On August 31, 2018 the then finance minister Asad Omar placed an eye-opening document on Pakistan’s debt liabilities before the Senate. It included details of the foreign multilateral, bilateral and commercial loan liabilities.
This annex largely went unnoticed or perhaps was consciously ignored by the mainstream media because of its strong nexus the most powerful proponents of the country’s status quo.
Interestingly, this document also contained information on loans from the International Monetary Fund (IMF) and raised a basic question:
Why have the PPP and PML-N governments been blowing the trumpet about “successful completion of the IMF “ programme? What qualified as “successful completion” when the principal remained intact even beyond the life of the loan period.
And, more interestingly, how did IMF big-wigs define “success” when Pakistan’s government lived off “waivers”, and dragged feet on the reform of the profusely bleeding financial system?
Where did the IMF loans go? Or did the IMF acted as complicit hit-man in covering up massive financial misappropriation of the precious public funds and borrowed billions of dollars?
Let us see what that document said; out of the nearly $ 70 billion as of June 30, 2018, the IMF total loan stood at $ 14.28 billion.
Interestingly, the Pakistan owed $3,937 billion to IMF between 2004-2009. The year 2009 was indeed the first for the 23-month $ 7.6 billion Stand-By Arrangement the country had agreed with the IMF on November 24, 2008.
The total owed to IMF rose to $ 7.45 billion in 2009-10 and shot to $14.28 in 2015-16 as a result of the $6.6 billion 36-month loan under the IMF’s Extended Fund Facility approved in September 2013.
A whopping 14.28 billion dollars within seven years – as evidenced by the Ministry of Finance document that Asad Omar presented in the Senate.
Both – the PPP and PML-N – governments bragged to the nation about this loan management and claimed to had broken the begging bowl (Kashkol tor diya). So did the IMF, without telling Pakistanis that almost the entire loan taken between 2009-2015 is still outstanding and in fact been topped up with the latest $ 6 billion that the Fund is providing to the government.
As a whole, reckless spending by the past governments, short-sighted policy options and the rulers’ refusal to structural reforms have landed Pakistan in a grave debt trap, with the foreign loans/liabilities close to a staggering $ 104 billion.
According to economist Dr. Talat Anwar, Pakistan has to pay back $37 billion to both bilateral and multilateral creditors over the IMF program period, 2019-22. Out of the total repayment, Pakistan will have to pay back $14.7 billion to China as repayment of bilateral and commercial debt during this period.
This also means, the total external debt servicing in the current fiscal year 2019-20 alone will be a crushing almost $14.9 billion (or 62 percent of exports earning), increasing the vulnerability of the balance of payment account.
The increased borrowing from China, both CPEC-related and commercial, of over $8. billion has important implications for debt sustainability, according to Dr. Talat Anwar. In 2018, China also provided an additional $2 billion for balance of payment support to take the official loan to $ 8.33 billion.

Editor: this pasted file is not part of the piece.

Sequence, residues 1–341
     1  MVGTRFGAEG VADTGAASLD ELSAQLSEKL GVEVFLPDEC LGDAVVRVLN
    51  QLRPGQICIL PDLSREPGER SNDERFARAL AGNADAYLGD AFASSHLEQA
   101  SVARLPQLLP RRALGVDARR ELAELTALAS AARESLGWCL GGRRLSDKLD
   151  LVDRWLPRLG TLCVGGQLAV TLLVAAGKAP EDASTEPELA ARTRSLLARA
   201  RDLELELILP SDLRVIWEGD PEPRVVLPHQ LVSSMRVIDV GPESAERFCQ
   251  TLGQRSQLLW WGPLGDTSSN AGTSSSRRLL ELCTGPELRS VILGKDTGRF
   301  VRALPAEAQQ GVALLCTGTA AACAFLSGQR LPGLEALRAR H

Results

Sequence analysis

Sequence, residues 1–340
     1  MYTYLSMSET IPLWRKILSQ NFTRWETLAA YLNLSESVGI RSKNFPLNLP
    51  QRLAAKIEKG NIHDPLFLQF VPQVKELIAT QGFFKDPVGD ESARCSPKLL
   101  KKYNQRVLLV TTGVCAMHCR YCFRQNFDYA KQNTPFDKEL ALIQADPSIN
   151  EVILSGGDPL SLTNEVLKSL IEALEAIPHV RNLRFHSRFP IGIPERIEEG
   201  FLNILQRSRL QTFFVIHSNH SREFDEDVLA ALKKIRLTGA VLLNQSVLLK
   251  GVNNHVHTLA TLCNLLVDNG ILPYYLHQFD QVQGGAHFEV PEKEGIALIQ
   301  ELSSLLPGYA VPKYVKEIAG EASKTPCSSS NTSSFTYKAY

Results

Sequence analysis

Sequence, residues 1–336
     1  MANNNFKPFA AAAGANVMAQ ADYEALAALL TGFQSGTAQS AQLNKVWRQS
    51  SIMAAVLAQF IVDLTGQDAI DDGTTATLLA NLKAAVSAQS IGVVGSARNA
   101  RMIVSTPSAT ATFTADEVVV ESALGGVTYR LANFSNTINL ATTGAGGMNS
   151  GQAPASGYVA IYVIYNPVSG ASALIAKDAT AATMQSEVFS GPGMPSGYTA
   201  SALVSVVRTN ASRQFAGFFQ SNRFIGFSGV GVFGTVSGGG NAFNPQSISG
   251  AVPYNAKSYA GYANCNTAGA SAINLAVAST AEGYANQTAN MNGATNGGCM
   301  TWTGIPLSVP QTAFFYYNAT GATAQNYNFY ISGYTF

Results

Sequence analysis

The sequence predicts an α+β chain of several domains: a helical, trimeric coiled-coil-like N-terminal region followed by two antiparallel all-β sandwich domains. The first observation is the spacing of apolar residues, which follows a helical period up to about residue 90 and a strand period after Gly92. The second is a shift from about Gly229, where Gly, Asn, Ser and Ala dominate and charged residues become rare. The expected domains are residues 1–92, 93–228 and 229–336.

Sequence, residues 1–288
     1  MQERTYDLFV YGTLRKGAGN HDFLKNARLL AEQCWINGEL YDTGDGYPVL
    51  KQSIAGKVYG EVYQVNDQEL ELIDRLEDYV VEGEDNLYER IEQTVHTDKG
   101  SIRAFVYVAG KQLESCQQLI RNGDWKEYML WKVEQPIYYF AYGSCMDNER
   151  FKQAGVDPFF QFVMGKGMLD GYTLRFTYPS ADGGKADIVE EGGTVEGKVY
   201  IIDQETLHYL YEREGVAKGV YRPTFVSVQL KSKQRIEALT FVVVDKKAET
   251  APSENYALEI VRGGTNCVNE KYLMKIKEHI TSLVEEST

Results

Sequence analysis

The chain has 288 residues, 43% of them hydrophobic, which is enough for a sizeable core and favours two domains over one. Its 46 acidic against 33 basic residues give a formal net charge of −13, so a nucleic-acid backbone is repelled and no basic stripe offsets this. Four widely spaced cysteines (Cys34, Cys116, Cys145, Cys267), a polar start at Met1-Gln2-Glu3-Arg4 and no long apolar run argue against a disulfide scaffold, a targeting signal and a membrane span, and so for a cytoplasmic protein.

This grave situation demands questions: If we took the loan in the name of reforms, did reforms happen and did IMF have a means to check as to how the IMF and World Bank funds were used – if at all? Did the governments comply with the program, and if not how did they provide a clean chit to the two governments?
The defenders may respond by saying the funds were for interest and principal repayments.
What are then the exact details of interests paid and repayments made. Where are the records for disposal of these funds?
Concerned officials point out that the real secret lies between remittances/loans received and debt servicing during the tenure of the two former governments.
It would be therefore good – even if for academic learning – to call out leaders of the previous two governments to figure out inappropriate use of foreign loans that have now ballooned to 104.
It is irrésistible to recall what Yanis Varoufakis, former Greek finance minister, holds of the IMF.
In his book “Any Adults in the Room” Varoufakis equates global banks, multi-national corporations, governments, and the ‘supranational’ IMF to ‘super black boxes’ run by influential politicians and bureaucrats who are good at converting ‘inputs’ such as money, debt, taxes and votes into ‘outputs’ such as profit, more complicated forms of debt, reductions in welfare payments, health and education policies. These black boxes are controlled by networks of power comprising their CEOs – the insiders of the system – who decide who to co-opt (such as consulting economists, technocrats) from the outside and who to exclude (such as those who may blow the whistle on their internal machinations), he argues.
Varoufakis propounds that financial entities such as the IMF were instruments for financial enslavement of developing nations.
Can some one sum up the courage to confront the IMF for collusion in stone-walling structural reforms in Pakistan and piling debt mountains on its people?
This article first appeared in Matrix Mag and is being reproduced under a special arrangement. Click here to go to the original